The investigation revealed that a Licensed Practical Nurse asked the facility’s Certified Nurses’ Assistant (CNA) who was providing the resident care about the complaint. The CNA stated they had not covered the resident’s mouth and “would not do that.” The Power of Attorney was upset with the Certified Nurses’ Assistant and spoke with the facility’s Director of Nursing about the allegations of abuse.
When interviewed nearly 2 months later, the Licensed Practical Nurse stated that they had talked to the Certified Nursing Assistant on the day of the allegation in a face-to-face interview. At that time, the Licensed Practical Nurse stated that the Director of Nursing called the facility’s Administrator. However, documentation indicates that the Certified Nursing Assistant who had allegedly covered the resident’s mouth “was not removed from duty and worked [their] entire shift.”
The facility’s Director of Nursing indicated at 11:40 AM on 05/11/2016 that they “did not remember the 03/11/2016 allegation of abuse [...and] stated that the incident was reported to [them] then [the CNA] would have been removed from the floor.” The Director of Nursing “confirmed that [the CNA] worked the entire shift [on the day of the alleged incident of abuse and] confirmed that [the CNA] is still an employee of the facility and is currently working.”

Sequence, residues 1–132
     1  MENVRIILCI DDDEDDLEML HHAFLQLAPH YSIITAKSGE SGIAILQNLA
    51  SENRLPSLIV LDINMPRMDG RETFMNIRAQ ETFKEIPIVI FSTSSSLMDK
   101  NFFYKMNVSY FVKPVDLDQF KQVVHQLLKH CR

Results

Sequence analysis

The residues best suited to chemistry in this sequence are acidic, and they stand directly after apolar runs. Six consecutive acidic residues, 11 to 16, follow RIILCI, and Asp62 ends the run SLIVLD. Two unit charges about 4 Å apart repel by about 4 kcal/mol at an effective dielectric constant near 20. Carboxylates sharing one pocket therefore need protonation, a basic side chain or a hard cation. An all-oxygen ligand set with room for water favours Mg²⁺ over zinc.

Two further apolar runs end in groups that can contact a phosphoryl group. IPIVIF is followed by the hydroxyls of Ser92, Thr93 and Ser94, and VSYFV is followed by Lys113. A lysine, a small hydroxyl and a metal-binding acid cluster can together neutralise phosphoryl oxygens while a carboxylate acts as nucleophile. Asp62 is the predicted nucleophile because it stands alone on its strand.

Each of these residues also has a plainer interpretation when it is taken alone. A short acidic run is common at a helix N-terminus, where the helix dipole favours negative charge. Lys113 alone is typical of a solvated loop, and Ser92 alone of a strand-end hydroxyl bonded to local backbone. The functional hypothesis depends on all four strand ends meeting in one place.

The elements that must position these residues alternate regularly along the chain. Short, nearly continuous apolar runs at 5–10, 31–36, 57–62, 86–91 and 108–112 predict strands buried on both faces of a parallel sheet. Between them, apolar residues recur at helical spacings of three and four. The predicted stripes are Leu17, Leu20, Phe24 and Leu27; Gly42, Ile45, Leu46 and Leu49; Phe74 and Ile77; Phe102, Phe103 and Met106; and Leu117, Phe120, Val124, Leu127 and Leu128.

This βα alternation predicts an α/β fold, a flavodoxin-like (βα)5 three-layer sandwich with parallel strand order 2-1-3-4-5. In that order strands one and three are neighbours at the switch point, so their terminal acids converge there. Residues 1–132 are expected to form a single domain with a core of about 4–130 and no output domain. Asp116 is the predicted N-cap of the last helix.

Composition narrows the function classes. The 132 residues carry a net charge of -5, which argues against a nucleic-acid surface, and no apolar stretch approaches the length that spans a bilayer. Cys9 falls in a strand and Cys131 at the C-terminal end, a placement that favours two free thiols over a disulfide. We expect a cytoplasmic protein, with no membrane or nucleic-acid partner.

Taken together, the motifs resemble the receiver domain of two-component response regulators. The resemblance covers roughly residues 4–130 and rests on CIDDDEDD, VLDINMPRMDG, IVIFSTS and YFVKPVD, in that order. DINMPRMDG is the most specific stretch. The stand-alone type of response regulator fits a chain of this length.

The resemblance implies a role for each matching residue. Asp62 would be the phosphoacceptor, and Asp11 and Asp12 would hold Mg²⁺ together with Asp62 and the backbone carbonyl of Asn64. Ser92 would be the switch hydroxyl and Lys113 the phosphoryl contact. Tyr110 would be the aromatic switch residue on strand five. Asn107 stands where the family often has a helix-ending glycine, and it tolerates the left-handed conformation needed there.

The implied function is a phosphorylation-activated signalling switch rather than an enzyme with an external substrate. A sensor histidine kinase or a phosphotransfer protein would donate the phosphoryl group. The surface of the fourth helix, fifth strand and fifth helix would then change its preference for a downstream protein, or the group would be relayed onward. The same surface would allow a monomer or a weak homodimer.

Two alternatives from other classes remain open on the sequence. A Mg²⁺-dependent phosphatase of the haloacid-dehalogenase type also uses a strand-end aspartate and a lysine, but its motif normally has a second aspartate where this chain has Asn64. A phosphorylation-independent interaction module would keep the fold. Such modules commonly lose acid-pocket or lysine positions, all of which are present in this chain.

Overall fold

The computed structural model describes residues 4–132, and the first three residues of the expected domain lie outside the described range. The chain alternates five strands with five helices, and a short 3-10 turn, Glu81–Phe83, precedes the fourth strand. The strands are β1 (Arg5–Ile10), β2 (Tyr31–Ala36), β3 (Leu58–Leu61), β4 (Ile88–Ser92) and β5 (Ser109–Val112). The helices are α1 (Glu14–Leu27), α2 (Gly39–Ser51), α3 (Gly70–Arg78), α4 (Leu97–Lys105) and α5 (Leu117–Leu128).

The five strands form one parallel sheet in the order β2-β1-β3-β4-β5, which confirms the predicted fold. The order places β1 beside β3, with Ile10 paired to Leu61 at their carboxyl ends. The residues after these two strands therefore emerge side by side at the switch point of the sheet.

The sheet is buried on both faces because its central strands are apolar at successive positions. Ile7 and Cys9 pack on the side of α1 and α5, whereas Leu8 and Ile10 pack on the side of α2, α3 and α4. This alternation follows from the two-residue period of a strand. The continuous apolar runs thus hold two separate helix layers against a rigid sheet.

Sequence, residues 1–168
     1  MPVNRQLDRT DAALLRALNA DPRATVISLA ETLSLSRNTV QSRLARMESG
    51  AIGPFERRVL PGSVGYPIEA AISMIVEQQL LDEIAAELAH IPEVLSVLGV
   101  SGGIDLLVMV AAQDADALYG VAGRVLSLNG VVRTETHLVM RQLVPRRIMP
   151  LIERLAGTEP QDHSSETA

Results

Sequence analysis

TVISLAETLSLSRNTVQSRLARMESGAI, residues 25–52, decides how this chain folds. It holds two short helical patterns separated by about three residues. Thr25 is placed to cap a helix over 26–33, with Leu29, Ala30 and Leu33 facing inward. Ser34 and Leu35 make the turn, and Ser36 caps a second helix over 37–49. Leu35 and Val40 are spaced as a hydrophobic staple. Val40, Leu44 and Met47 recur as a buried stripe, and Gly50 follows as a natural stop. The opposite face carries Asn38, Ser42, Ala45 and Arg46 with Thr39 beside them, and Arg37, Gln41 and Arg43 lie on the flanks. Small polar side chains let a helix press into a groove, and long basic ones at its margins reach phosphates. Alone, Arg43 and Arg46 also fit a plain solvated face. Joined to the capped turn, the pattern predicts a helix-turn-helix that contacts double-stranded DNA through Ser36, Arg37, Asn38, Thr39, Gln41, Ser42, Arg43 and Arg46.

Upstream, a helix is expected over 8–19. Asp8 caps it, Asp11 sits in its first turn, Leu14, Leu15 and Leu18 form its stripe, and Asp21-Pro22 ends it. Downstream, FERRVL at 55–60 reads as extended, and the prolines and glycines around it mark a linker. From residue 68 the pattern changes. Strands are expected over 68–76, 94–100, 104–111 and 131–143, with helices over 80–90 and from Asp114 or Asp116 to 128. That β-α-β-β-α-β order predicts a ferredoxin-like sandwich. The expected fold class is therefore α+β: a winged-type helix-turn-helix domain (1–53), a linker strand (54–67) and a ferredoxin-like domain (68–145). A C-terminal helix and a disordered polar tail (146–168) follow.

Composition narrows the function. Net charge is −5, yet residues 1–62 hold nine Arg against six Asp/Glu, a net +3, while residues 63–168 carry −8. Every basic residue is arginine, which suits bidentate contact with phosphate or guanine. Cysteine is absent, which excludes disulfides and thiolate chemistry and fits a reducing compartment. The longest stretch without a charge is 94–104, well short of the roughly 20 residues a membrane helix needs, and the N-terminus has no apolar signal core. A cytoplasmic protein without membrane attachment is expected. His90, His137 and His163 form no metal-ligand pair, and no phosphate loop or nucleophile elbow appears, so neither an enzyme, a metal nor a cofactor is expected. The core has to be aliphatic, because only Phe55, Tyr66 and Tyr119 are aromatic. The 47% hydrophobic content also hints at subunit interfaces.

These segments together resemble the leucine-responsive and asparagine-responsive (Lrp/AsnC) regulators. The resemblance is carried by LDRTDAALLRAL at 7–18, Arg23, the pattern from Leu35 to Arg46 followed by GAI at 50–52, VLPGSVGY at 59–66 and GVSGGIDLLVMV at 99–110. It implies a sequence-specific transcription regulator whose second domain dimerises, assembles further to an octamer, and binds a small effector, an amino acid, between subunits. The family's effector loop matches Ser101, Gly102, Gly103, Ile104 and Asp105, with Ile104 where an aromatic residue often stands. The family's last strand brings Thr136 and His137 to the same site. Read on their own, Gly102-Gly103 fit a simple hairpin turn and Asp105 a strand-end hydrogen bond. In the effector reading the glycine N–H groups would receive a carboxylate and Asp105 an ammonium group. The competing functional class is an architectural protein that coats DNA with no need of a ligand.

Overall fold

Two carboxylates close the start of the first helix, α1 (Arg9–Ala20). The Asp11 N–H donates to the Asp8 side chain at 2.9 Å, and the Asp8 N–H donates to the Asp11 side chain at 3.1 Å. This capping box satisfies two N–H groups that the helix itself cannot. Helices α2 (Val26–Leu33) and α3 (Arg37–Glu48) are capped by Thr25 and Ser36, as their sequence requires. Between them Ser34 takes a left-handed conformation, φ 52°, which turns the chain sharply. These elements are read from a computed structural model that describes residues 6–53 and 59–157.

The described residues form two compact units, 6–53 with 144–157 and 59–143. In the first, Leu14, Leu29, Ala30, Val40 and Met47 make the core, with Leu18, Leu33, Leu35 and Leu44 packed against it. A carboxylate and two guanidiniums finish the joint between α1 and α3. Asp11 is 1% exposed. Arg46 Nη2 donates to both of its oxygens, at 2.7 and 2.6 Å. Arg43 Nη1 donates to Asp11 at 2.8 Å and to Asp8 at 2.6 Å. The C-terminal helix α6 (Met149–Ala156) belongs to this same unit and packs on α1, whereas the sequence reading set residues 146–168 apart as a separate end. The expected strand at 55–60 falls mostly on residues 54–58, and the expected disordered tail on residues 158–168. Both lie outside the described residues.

The state investigator noted that the actions of the nursing staff and Administrator at Meadows Mennonite Home failed to follow established procedures and protocols enforced by nursing home regulatory agencies and the facility’s 01/06/2015 Abuse Policy that reads in part:
“Any employee who has knowledge or reason to believe that the resident has been a victim of abuse, by anyone… is under a duty to immediately report such incident or suspicion to his/her immediate supervisor and Administrator… The investigation will begin immediately… Do not make the decision yourself about whether an allegation is justified or not. All allegations must be reported.”
“If an allegation is against a [facility] staff member, then that person will be immediately placed on administrative leave pending the investigation… The Administrator and Director of Nursing or their designee will initiate an investigation immediately [...and] the preliminary investigation will be faxed immediately and not to exceed within 24 hours to the State Agency.”
Chenoa Illinois Nursing Home Abuse Lawyers
If you suspect your loved one has been injured, abused or mistreated while residing at any Illinois nursing facility including Meadows Mennonite Home, Rosenfeld Injury Lawyers can take immediate action to stop the mistreatment now. Our Chenoa nursing home neglect attorneys can handle the entire process of obtaining the financial compensation the victim and their family deserves.
To successfully resolve your case for recompense, we encourage you to contact our McLean County elder abuse law firm at (888) 424-5757 today. We provide free, no-obligation case evaluations to determine the merits of your claim and accept all nursing home neglect cases on contingency to avoid the need of an upfront payment.